General Training Reading 1
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1. QuestionRead the text and answer Questions 1 – 7
How to Get Here
Flying to Colorado
Save time and money when you book your flights as part of your vacation package. Simply call 877-734-4479. We can save you up to 30%, eliminate the advance purchase penalties, allow you to change your passenger names and flights for free up to 30 days before travel, and avoid Saturday-night stay requirements.
Keystone is easily accessible via:
Denver International Airport (DEN)
Located just outside of Denver, the airport is 90 miles east of Keystone via Interstate 70. DIA is a nonstop destination for over 21 national and international carriers.
Shuttles and car rentals via Hertz are available at the airport. Vail/Eagle County Airport (EGE) is 65 miles west of Keystone.
Direct flights are available from: Atlanta, Charlotte, Chicago, Cincinnati, Dallas, Denver, Houston, Los Angeles, Minneapolis, New York/LGA, Newark, Philadelphia. Shuttles and car rentals via Hertz are available at the airport.
Colorado Springs Municipal Airport is 109 miles from Keystone. Shuttles and car rentals via Hertz are available at the airport.
Keystone is easily accessible from the Denver International Airport and Eagle County Airport. With onsite scheduled and private shuttle pick up and rental cars you will be on the slopes in no time.
Colorado Mountain Express (CME)
Numerous, daily, door-to-door shuttles to and from Denver International Airport to Keystone. Colorado Mountain Express also offers private chauffeured travel with CME Premier. Our Mountain Concierge can book your CME reservation for you as part of your vacation package.
Scheduled Shuttle Service via CME
Colorado Mountain Express provides shuttles service to and from the Resort throughout the day. Shuttle service is not available for flights arriving at the airport later than 8:30pm or departing earlier than 10:00am. Please consider booking a rental car if you are arriving or departing when the shuttle is not available.
Private Shuttle Service via CME
Colorado Mountain Express provides shuttles service to and from the Resort throughout the day. Shuttle service is not available for flights arriving at the airport later than 8:30pm or departing earlier than 10:00am. Please consider booking a rental car if you are arriving or departing when the shuttle is not available.Question 1 – 7Do the following statements agree with the information given in the text?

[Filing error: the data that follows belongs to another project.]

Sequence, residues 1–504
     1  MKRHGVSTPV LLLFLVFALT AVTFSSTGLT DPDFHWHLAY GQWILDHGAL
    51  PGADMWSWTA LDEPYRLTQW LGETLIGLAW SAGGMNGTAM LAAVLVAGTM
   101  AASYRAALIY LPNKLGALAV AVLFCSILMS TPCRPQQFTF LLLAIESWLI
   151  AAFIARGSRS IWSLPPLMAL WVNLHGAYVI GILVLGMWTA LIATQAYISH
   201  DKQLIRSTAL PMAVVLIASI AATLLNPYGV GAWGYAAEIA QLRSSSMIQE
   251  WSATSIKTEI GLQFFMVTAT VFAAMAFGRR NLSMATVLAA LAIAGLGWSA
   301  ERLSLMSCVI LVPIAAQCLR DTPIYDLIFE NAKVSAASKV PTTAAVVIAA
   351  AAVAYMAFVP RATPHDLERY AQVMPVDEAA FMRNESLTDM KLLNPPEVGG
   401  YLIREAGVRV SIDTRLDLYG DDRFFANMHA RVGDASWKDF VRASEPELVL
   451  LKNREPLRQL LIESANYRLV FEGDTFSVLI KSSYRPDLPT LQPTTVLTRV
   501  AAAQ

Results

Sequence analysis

TRUE – if the statement agrees with the information
FALSE – if the statement contradicts the information
NOT GIVEN – if there is no information on thisIf you combine your flight and holiday booking, you do not need to stay on a Saturday night.CorrectIncorrect
2. QuestionTo arrive at Keystone from DEN you can take the Interstate 70.CorrectIncorrect
3. QuestionIndirect flights are available to EGE from Miami.CorrectIncorrect
4. QuestionColorado Springs Municipal Airport is closer to Keystone than DEN is.CorrectIncorrect
5. QuestionCME Premier is the most expensive CME service.CorrectIncorrect
6. QuestionCME shuttle service is not available 24 hours a day.CorrectIncorrect
7. QuestionThe CME private shuttle and CME scheduled service have the same timetable.CorrectIncorrect
8. QuestionRead the text and answer Questions 8 – 14
Over the past few weeks, I have had the pleasure – and for the most part it really has been a pleasure – of visiting five of our most popular theme parks. I have looked at new attractions, tested my nerves on the big-thrill rides and waited patiently in queues. I took along my sons, aged seven and four, to see which attractions they most enjoyed.
Here are my findings. I hope they will help you decide which park best suits you and your family. Many of the rides have height restrictions, so to avoid disappointment, check details on the relevant website before you set off. With the exception of Legoland, the parks have cafés and restaurants that sell very run-of-the-mill fast food, so I have recommended picnic spots where appropriate.
This is Britain’s only proper theme park resort in the Disney mould. The park is set in attractive, expansive grounds around a ruined neo-Gothic mansion and there are two hotels and a water park.
A weekend break for all ages
In an effort to improve its appeal to families with young children, the park has opened a high-quality aquarium, Sharkbait Reef by Sea Life. Also new is Cloud Cuckoo Land, which includes an impressive indoor soft play area and a rather average musical show.
The park’s big draws are its daredevil, state-of-the-art roller-coasters which are genuine thrill rides. Those brave enough to tackle On Air are suspended under the track and “fly” face down. Rita has a terrifying high-speed launch. Oblivion is a sadistic, sheer drop into a black hole while Nemesis is said to be “The World’s Most Intense Ride Experience” – it’s not, but it is still a blast.